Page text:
Review Posted Online: June 1, 2018

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More Hallmarkiana, from a shameless expert in the genre.


High-stakes weepmeister Sparks (A Walk to Remember, 1999, etc.) opts for a happy ending his fourth time out. His writing has improved—though it's still the equivalent of paint-by-numbers—and he makes use this time of at least a vestige of credible psychology.

That vestige involves the deep dark secret—it has something to do with his father's death when son Taylor was nine—that haunts kind, good 36-year-old local contractor Taylor McAden and makes him withdraw from relationships whenever they start getting serious enough to maybe get permanent. He's done this twice before, and now he does it again with pretty and sweet single mother Denise Holton, age 29, who's moved from Atlanta to Taylor's town of Edenton, North Carolina, in order to devote her time more fully to training her four-year-old son Kyle to overcome the peculiar impediment he has that keeps him from achieving normal language acquisition. Okay? When Denise has a car accident in a bad storm, she's rescued by volunteer fireman Taylor—who also rescues little Kyle after he wanders away from his injured mom in the storm. Love blooms in the weeks that follow—until Taylor suddenly begins putting on the brakes. What is it that holds him back, when there just isn't any question but that he loves Denise and vice versa-not to mention that he's "great" with Kyle, just like a father? It will require a couple of near-death experiences (as fireman Taylor bravely risks his life to save others); emotional steadiness from the intelligent, good, true Denise; and the terrible death of a dear and devoted friend before Taylor will come to the point at last of confiding to Denise the terrible memory of how his father died—and the guilt that's been its legacy to Taylor. The psychological dam broken, love will at last be able to flow.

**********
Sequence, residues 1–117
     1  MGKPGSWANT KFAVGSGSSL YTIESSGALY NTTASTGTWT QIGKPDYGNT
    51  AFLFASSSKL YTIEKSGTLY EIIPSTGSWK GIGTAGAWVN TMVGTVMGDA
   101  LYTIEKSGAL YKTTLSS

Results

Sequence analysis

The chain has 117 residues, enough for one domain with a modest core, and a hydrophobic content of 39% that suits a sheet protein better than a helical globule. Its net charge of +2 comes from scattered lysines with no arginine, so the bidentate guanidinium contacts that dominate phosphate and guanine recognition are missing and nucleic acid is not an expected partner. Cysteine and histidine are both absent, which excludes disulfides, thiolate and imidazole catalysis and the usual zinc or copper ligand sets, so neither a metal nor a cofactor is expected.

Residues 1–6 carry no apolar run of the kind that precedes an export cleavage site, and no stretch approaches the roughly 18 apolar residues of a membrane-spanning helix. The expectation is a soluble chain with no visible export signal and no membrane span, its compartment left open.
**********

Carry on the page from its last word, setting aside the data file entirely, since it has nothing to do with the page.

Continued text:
More Hallmarkiana, from a shameless expert in the genre.

Pub Date: Sept. 19, 2000

ISBN: 0-446-52550-2

Page Count: 352

Publisher: N/A

Review Posted Online: May 20, 2010

Kirkus Reviews Issue: July 15, 2000